“Gen. Jackson whom we may regard as the savior of Louisiana, who alone has possessed talents to unite the jarring interests of the different sects and nations which compose our population, and oppose an enemy formed of regular troops long experienced in the fatigues, the preparations and above all the art of war, soon joined [confronted] the invaders at the head of all the militia and of the few Tennesseans who had then arrived to our assistance. An engagement took place the same evening and such was the undaunted courage of our men that it was impossible to prevent their throwing themselves into the thickest of the battle, and many particularly the riflemen finding themselves in the very heart of the enemy without means of retreating, were made prisoners. It lasted not more than two hours but the firing was so incessant that some of our British prisoners who have served in the continental war in Spain aver they never experienced anything equal to it; while the darkness which pervaded rendering the objects so indistinct that they were sometimes uncertain whether wrestling with friends or foes created additional horror. It is said that the enemy had been then three days onshore making their way through the swamps and that very same night where to have marched up and taken quiet possession of the city. And this they might easily have effected had they not fortunately for us attempted to seize the son of Gen. Villere, mistaking him for his father, who was seated writing when they entered and made him prisoner. He escaped and concealed himself among the sugar canes, and one of his Negroes witnessing what was passing immediately came up and gave the alarm, too late to prevent their landing but time enough to save the town. Had British gold and British interest not found its way among the inhabitants of Lake Borgne who are chiefly composed of fisherman, it would have been utterly impossible for any enemy in the world to have penetrated through the woods and swamps to the banks of the river. Several Spaniards it is also supposed have aided them in their enterprise. Both sides now for a few days remained within their entrenchments, until the enemy’s troops becoming impatient at the delay (as we have been informed by deservers from their camp)  they attacked our lines. On the first fire from our rifleman they turned their backs and fled like lightning. They were however rallied and returned to the charge but were eventually completely repulsed. It is supposed that there are flight was merely ruse da guerre to entice our troops within some battery concealed in the woods where they might have played on them with some effect, and it required all the power of the General to restrain them from following. The Caroline one of the two vessels which were stationed in the river and had been firing on the enemy was blown up with red hot shot and then sunk. There were two men killed on board and five wounded. You would be astonished at the account  of the few who are killed on our side notwithstanding the desperate manner in which they exposed their lives. The Tennesseans particularly have inspired the Creoles and indeed all the inhabitants here with such an idea of their valor that I believe they will live long in their memory. As for the troops under the command of Gen. Coffee, the British vow they are devils and not men and that had Washington been defended by such, the Americans had never severed such a disgrace there.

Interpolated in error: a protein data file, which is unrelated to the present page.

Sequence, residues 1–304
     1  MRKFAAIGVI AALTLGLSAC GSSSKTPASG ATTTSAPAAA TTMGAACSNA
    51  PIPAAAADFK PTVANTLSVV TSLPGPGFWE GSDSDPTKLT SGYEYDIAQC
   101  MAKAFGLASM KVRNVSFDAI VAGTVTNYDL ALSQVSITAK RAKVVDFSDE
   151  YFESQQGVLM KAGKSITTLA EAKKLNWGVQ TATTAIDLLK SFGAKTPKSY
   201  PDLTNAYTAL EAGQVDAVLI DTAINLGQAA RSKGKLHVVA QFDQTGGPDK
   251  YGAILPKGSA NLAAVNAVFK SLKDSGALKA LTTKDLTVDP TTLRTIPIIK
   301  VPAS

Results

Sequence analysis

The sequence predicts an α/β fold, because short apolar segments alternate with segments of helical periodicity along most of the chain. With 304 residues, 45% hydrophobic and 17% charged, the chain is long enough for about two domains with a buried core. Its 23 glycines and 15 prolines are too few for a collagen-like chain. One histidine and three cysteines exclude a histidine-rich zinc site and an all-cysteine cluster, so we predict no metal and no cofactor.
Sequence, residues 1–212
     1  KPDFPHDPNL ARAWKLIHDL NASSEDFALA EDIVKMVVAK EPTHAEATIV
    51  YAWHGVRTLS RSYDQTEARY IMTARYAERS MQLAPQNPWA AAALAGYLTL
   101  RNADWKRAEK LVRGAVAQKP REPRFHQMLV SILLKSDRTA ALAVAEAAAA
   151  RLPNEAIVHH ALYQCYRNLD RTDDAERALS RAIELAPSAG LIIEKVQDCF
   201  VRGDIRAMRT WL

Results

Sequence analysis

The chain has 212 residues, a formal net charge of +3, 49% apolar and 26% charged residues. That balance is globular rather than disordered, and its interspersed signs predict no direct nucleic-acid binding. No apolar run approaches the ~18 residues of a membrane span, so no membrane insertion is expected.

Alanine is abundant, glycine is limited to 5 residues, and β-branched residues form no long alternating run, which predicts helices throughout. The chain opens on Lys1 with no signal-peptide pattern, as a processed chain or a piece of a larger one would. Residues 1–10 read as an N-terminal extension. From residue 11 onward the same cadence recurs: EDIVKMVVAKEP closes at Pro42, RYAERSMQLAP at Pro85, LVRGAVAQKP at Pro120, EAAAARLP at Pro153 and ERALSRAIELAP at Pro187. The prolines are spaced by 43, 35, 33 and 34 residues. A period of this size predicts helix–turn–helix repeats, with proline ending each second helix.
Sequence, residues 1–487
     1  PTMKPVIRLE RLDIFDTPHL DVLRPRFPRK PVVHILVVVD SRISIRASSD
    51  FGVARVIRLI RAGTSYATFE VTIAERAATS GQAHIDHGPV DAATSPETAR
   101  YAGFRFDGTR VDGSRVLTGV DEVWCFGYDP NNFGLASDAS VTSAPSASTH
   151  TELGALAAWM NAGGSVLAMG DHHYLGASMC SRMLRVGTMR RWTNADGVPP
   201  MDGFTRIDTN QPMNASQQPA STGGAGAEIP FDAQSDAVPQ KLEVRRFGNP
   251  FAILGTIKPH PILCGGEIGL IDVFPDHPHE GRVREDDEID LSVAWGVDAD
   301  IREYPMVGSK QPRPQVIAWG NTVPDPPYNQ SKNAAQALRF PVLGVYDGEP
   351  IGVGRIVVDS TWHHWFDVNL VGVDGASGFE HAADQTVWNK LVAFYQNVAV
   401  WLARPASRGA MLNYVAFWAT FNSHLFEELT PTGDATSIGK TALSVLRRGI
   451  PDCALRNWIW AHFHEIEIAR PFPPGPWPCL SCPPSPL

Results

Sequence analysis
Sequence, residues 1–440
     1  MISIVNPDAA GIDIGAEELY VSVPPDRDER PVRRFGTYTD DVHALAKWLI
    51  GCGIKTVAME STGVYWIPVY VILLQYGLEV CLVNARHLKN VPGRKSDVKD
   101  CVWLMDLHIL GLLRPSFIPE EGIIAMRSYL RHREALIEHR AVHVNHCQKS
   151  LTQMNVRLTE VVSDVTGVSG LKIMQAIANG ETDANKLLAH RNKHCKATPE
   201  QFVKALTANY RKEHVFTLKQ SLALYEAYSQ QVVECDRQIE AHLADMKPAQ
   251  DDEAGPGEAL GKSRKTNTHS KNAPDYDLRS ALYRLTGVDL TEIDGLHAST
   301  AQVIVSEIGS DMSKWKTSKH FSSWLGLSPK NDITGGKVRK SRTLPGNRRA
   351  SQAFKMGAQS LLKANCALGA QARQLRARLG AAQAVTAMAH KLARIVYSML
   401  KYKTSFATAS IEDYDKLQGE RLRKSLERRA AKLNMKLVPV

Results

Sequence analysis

“Yesterday was witness to the next and last engagement – to describe the incessant and tremendous roar of cannon and musketry with which we were awoke before dawn would be impossible. Imagine claps of thunder, while the echo prolongs the sound undyingly till another clap overpowers the roar of that and continues increasingly till a third and so on. Or rather fancy the grating of an immense wheel – but no I can convey no idea to you which can in the smallest degree give an accurate conception of the sound with which our ears were assailed. The carnage was indeed terrible. The enemy advancing on the plain were cut off by dozens, while those who first attempted entering within our entrenchments were made prisoners. Pirogues and carts have since yesterday morning been incessantly employed in bringing in the wounded prisoners and have not yet concluded the painful task. There are 900 already in the hospital and Arsenal. The prisons have been emptied of those who had been taken before and sent to Natchez on their parole, in order to make room for others and still the number is so great that the General has been compelled to retain some at the camp for there is in town neither place to put them nor men sufficient to guard them. It is calculated that the British must have lost yesterday 2000 while the utmost extent of ours did not exceed 8 or 10 killed and 30 wounded. This is almost incredible but when we reflect on the eminent disadvantages under which they fought, immediately under the fire of our batteries, our men protected by these batteries, the account does not appear so entirely improbable. Do not suppose that between the engagements we enjoyed near perfect quiet, for the batteries from the two camps and one we have or rather had on the opposite bank of the river (yesterday it was partly destroyed), and the Louisiana stationed there also kept up an almost daily sufficient firing to keep our fears awake.